Study Guide Chapter 2 Template

Table of Contents

Study Guide Chapter 2 TemplateObjective 1-2. What are the major components of John Locke’s political philosophy and how did they influence Thomas Jefferson’s writings?3.4.5.Objective 2- Identify the important principles and issues debated at the Constitutional Convention and describe how they were resolved.1.2.3.Objective 3- Explain the Madisonian model of limiting majority control, separating powers, and creating checks and balances.1.2.Objective 4- Understand the conflict between the Federalists and the Anti-Federalists over the ratification of the Constitution.1.2.Objective 5- Describe the formal and informal processes by which the Constitution is changed in response to new items on the policy agenda.1.2.3.Objective 6- Evaluate the Constitution in terms of democracy and its impact on policymaking.Key Terms-

Objective 1-

Discuss the importance of the English philosophical heritage, the colonial experience, theBoston Harbor

2. What are the major components of John Locke’s political philosophy and how did they influence Thomas Jefferson’s writings?

a. Natural Rights influenced Thomas Jefferson’s writings because it said that all men have inherent worth and rights, not based upon the government. This lets people go to life, liberty, and property, above even a king. Jefferson almost paraphrased him, using ‘left-evident’, that they had certain ‘unalienable rights’, and that they had the right to the pursuit of happiness.
b. Consent of the governed- the basic hallmark of republicanism and democracy, this implies that the people of a nation have the right to choose who governs them. This is obvious in Jefferson’s creed, since he helped to establish the idea of democracy in the Declaration of Independence.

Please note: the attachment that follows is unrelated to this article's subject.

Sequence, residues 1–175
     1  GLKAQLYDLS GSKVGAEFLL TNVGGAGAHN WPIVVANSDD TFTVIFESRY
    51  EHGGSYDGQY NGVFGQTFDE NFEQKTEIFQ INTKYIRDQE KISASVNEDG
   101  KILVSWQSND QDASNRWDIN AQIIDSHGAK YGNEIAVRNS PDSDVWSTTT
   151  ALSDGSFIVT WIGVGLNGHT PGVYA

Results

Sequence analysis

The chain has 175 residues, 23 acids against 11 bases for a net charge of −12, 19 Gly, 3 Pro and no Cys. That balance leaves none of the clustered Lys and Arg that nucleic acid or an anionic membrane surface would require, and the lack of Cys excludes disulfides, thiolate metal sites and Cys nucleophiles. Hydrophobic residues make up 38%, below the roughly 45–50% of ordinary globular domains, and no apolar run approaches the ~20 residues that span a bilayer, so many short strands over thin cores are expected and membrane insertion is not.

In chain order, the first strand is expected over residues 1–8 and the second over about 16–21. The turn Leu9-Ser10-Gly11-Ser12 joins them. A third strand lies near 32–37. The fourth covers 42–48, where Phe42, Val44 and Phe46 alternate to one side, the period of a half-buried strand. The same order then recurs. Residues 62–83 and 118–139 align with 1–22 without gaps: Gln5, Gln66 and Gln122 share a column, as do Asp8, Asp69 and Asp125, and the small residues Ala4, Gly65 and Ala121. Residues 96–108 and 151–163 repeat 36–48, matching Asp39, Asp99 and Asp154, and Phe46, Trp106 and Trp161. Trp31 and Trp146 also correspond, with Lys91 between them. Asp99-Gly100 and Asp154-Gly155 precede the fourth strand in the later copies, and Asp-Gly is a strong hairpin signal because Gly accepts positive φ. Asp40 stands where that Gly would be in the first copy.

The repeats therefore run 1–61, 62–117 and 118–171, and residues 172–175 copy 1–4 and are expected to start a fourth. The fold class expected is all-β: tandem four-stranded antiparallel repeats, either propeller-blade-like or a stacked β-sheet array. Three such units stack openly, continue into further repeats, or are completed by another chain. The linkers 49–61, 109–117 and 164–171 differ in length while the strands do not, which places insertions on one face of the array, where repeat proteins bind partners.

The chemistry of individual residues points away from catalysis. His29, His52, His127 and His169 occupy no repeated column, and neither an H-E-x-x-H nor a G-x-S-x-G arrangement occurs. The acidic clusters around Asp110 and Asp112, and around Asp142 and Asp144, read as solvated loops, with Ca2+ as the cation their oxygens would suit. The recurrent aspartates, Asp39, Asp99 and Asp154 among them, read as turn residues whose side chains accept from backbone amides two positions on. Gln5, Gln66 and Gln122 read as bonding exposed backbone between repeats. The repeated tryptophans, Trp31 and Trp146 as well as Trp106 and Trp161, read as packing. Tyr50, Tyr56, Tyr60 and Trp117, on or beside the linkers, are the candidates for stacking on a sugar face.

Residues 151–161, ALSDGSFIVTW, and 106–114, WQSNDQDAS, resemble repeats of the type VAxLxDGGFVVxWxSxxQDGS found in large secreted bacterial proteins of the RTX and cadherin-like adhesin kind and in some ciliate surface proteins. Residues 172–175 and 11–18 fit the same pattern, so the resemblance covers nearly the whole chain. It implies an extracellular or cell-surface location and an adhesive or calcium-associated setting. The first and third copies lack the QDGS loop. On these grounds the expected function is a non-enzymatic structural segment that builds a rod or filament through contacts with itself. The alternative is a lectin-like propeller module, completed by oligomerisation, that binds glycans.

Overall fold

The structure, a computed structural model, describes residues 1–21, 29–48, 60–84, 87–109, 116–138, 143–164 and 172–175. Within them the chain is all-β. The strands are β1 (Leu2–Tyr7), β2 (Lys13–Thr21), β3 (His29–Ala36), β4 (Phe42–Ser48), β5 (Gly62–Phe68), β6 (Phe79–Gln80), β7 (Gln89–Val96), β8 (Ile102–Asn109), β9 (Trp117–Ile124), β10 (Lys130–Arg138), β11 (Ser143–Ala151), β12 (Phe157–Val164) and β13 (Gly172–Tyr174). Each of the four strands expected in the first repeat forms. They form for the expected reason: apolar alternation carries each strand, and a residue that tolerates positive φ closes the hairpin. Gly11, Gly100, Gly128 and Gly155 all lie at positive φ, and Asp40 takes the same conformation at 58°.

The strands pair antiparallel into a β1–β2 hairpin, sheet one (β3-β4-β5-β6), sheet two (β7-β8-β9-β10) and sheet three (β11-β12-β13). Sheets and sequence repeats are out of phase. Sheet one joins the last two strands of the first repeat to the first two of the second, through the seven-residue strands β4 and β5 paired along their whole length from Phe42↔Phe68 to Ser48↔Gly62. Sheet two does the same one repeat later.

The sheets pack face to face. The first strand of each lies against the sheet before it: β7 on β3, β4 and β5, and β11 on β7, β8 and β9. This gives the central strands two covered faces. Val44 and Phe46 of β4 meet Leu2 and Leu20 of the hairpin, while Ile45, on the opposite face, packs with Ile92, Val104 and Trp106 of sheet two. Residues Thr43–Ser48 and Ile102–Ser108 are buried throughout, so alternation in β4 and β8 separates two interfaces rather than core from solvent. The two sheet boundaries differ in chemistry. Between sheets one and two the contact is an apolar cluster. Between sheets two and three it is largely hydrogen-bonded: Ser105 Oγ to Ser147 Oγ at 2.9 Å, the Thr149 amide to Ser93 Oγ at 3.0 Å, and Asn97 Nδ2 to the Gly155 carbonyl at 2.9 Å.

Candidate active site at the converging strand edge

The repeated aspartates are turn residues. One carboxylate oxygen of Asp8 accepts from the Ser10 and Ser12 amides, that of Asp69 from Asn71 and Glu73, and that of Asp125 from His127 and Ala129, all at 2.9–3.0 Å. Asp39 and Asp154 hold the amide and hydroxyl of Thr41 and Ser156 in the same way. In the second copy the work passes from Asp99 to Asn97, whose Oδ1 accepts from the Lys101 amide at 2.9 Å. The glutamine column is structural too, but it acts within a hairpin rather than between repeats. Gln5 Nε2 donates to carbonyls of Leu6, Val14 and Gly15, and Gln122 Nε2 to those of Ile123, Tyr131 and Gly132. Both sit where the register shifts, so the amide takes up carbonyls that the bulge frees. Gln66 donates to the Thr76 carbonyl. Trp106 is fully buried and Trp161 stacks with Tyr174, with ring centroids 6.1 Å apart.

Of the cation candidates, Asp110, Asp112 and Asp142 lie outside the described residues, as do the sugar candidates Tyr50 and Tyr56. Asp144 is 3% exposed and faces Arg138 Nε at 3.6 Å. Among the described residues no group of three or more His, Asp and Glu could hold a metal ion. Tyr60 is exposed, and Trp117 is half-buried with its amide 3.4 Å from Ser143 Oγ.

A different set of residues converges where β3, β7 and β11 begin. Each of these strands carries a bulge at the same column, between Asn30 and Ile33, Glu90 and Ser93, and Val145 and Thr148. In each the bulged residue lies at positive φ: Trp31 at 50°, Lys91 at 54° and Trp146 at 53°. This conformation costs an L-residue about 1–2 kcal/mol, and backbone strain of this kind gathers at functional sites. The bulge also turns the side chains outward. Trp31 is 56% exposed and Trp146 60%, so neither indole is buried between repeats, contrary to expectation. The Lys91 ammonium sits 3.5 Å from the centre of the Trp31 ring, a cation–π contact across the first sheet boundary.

c. Finally, he preached limited government. Jefferson, as one of the architects of the constitution, helped create the system of checks and balances to allow for a limited government. He held people over the government, and thus used Locke’s ideas strongly.

3.

Draw a schematic drawing of the American government under the Articles of Confederation

4.

Make a list of why the Articles of Confederation failed a. Barely had any central national government at all.
b. Favored many state governments.
c. National army nearly impossible. As a matter of fact, during Shay’s Rebellion, the US had to hire a private force to deal with the uprising.
d. Congress had no power to tax, no power to regulate commerce, or anything else.
e. There was no president, no court, and no central government.

5.

Briefly discuss the general philosophical views of the founding fathers on the following issues-a. Human Nature- Humans are self-interested, basically. Everyone from Franklin to Hamilton believed people want power and money.
b. Political Conflict- The distribution of wealth is the source of political conflict. Those who hold and don’t hold property have always disagreed with each other. The other main sources of conflict were religion, views of governing, and attachment to various leaders. Factions had to be held in check in order for a government to work.
c. Objects of Government- The primary object of government was the “preservation of property”.
d. Nature of Government- They looked for a balanced government with checks and balances, to make sure a faction couldn’t seize the government at once.

Objective 2- Identify the important principles and issues debated at the Constitutional Convention and describe how they were resolved.

1.

What were the three major equality issues at the Constitutional Convention and how were they resolved?